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“ARE WE NOT CATS” Is an Advertisement for Staying Single

Friday, June 12, 2020 | Streaming Sematary


Starring: Michael Patrick Nicholson, Chelsea Lopez, Michael Godere
Directed by Xander Robin
Written by Xander Robin
Produced by F

It’s a tale as old as time. Boy meets girl. Boy makes out with girl. Girl starts eating boy’s hair while her own falls out and he’s scratching leprous scabs on his back. Wait, what?

God, indie films can get so weird.

ARE WE NOT CATS follows Eli (Michael Patrick Nicholson) as he has the worst day in the existence of mankind: his girlfriend has sex with another guy and dumps him, his boss throws him off his garbage truck and out of a job, and his parents move and leave him homeless. He takes on a random job moving car parts from town to town to make money, and meets Kyle (Michael Godere), a bleach-drinking drifter who needs a ride back home. Instead of heading home, however, Kyle decides that Eli needs a bit of a pick me up after Eli samples some of Kyle’s favorite thing to drink and gets sick; and so the two of them head to a strange nightclub, where Eli meets Anya (Chelsea Lopez), an artist who shares a strange obsession with Eli. What follows involves singing landlords, hair tumors, modern day leprousy, lots and lots of wigs, and lots and lots and lots of hair pulling.

“The film makes a statement on the connection between art and self-immolation by way of the character’s dysfunctional relationship.”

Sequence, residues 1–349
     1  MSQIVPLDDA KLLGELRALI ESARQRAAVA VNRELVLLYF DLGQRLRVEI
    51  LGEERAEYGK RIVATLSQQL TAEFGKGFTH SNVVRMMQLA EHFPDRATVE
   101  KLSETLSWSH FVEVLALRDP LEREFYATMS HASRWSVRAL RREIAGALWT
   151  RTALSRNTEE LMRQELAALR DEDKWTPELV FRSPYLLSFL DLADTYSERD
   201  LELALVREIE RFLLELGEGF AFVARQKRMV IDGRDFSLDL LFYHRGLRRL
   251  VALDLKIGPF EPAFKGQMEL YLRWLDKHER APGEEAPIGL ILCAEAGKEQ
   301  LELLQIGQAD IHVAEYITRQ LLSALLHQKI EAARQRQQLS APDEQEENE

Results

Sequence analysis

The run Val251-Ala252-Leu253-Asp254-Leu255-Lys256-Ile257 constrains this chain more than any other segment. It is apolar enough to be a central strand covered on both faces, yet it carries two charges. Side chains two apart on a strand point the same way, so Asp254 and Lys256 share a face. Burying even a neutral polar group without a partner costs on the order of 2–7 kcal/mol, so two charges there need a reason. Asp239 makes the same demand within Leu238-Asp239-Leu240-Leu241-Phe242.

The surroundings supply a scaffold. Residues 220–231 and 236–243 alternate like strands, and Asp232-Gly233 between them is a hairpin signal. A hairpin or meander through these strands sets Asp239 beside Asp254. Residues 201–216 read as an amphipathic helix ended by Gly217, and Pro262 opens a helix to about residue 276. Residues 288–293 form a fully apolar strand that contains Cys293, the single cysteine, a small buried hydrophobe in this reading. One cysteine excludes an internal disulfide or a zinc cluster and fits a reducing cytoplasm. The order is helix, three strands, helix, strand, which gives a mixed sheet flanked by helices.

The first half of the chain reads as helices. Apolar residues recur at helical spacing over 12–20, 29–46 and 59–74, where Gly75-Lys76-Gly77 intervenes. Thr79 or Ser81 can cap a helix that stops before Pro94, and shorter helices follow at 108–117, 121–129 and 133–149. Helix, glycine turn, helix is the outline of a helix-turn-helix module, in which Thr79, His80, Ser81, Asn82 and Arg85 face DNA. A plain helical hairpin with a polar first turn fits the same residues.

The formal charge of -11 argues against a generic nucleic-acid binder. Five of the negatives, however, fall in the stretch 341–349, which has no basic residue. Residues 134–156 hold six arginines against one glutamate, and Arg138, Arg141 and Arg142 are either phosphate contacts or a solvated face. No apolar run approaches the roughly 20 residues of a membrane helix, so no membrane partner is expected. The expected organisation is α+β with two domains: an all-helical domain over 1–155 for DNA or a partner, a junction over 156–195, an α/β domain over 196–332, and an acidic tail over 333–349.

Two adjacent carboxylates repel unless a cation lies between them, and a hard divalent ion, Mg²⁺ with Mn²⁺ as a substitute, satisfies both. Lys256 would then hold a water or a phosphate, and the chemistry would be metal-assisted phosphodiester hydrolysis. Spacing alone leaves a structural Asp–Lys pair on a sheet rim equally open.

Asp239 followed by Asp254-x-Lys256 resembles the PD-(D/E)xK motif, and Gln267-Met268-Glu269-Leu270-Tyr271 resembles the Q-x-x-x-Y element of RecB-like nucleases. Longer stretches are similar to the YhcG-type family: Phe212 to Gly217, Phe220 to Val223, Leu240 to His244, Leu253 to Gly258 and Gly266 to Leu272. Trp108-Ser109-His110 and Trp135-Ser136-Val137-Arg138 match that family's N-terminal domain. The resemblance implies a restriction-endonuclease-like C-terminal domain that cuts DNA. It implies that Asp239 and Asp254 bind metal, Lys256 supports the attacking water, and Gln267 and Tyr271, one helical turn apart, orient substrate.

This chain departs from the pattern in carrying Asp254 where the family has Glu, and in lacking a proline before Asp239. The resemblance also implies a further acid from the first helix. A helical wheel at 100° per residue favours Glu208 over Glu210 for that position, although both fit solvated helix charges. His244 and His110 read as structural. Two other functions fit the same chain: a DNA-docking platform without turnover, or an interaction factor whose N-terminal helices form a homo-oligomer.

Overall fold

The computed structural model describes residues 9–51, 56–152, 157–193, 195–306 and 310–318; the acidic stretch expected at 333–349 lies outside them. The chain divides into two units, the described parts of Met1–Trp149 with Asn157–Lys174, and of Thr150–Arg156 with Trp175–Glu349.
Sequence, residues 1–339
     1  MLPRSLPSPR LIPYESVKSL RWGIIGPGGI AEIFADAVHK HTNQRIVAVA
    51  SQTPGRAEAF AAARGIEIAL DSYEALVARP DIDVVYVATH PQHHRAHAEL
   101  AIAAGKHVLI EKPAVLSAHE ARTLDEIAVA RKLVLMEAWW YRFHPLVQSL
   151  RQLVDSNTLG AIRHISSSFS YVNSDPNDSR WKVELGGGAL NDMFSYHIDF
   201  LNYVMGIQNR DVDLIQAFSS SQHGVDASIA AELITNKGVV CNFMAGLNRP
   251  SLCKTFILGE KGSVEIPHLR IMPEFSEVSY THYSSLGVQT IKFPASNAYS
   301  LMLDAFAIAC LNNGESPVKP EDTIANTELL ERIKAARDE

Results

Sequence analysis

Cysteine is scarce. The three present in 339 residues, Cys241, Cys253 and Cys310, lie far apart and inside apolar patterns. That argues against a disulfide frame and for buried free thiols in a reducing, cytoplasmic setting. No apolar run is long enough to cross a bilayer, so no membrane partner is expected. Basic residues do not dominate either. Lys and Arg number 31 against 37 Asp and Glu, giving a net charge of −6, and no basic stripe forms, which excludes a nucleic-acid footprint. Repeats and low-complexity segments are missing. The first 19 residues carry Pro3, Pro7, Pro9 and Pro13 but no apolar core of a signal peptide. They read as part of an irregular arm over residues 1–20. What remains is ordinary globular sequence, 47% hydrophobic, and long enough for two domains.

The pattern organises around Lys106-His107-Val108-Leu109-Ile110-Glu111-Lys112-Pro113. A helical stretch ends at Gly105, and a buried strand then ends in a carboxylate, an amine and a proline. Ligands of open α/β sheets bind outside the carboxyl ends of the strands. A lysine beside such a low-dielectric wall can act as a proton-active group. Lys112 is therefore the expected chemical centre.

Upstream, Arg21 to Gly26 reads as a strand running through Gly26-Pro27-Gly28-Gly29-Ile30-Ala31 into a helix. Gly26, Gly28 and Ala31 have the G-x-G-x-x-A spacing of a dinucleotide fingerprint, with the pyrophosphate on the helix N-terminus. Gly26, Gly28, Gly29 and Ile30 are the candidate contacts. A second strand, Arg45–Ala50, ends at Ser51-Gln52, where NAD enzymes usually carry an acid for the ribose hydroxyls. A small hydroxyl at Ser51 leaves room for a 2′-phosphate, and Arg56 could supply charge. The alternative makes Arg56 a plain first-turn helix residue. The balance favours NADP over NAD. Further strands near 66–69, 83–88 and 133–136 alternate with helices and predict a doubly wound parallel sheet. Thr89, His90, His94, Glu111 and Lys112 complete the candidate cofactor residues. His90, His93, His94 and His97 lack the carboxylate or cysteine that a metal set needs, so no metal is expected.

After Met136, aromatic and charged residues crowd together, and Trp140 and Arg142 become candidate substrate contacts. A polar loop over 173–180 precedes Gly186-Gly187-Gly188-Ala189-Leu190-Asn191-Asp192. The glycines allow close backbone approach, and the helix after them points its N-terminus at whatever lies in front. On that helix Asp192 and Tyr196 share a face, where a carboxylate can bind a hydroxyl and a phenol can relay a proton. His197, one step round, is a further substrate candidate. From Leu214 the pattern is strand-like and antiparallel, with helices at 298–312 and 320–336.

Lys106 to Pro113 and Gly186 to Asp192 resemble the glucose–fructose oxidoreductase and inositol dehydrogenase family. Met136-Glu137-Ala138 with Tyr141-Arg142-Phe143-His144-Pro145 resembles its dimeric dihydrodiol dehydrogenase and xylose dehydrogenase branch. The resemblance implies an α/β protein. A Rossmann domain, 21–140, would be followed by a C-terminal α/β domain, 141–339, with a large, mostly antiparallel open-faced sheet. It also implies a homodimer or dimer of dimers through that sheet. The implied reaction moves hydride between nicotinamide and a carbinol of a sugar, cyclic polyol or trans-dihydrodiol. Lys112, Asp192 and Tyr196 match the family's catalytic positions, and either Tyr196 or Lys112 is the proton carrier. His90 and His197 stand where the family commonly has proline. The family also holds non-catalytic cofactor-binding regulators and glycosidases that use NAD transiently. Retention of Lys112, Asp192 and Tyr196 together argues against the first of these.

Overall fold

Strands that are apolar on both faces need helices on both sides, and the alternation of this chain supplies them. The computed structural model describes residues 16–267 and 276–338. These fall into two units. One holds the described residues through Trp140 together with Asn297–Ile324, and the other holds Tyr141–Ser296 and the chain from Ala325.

ARE WE NOT CATS is an indie film through and through, for better and for worse. In the film, the world seems ripped right out of a Charles Baudelaire poem, heaps of garbage clogging every street and with the characters living in colorless hovels caked in dirt and rust, crawling with all manner of vermin. Our main character Eli gets more hard knocks than Arthur Fleck, losing everything he has in less than an hour and finding himself completely directionless. In his wandering state, his inhibitions dramatically lower, and Eli finds himself testing the bounds of what he can accomplish, more free to pursue his most destructive impulses; this is most poignantly conveyed (you know, before the hair eating) by his drinking bleach with Kyle, who when Eli asks him “hey man, do people do that?” responds with “what, are you saying I’m not a person?” Progressing forward, in this film, means descending, and this descent is conflated with artistic design; Anya is a free spirit, creative and completely given to following her impulses. As a result, when we meet her, she has already consumed most of her hair and suffers dire consequences. The film seems to be asking what we risk (and what we gain) when we feel free to pursue the truest form of ourselves. Though, being a horror film at heart, ARE WE NOT CATS is much more concerned with the consequences of this kind of self-serving hedonistic abandonment. A debate could be had over whether the relationship at the center of the film is one of two oddballs finding each other at the perfect moment, or one of codependence that drags both of them down. I lean towards the latter, but it’s up to you to decide.